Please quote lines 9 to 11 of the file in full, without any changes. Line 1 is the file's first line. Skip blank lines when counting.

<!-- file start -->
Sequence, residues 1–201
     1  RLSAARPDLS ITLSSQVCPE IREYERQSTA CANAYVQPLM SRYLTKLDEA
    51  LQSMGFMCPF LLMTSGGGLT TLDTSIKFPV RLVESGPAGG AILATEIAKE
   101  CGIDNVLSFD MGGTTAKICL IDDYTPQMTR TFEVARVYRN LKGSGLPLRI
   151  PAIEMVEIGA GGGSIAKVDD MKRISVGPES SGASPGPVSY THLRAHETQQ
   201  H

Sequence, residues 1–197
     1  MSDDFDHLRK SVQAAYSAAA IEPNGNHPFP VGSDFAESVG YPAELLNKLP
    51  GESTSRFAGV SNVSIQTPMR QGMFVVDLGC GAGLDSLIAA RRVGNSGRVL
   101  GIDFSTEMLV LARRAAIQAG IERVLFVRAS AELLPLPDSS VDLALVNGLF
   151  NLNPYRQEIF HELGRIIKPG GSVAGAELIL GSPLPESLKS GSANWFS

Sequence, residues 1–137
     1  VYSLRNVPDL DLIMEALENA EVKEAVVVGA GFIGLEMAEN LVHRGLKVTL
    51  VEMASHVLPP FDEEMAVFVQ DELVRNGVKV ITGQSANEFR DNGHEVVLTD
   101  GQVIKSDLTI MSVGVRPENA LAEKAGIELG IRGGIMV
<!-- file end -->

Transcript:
    51  GESTSRFAGV SNVSIQTPMR QGMFVVDLGC GAGLDSLIAA RRVGNSGRVL
   101  GIDFSTEMLV LARRAAIQAG IERVLFVRAS AELLPLPDSS VDLALVNGLF
   151  NLNPYRQEIF HELGRIIKPG GSVAGAELIL GSPLPESLKS GSANWFS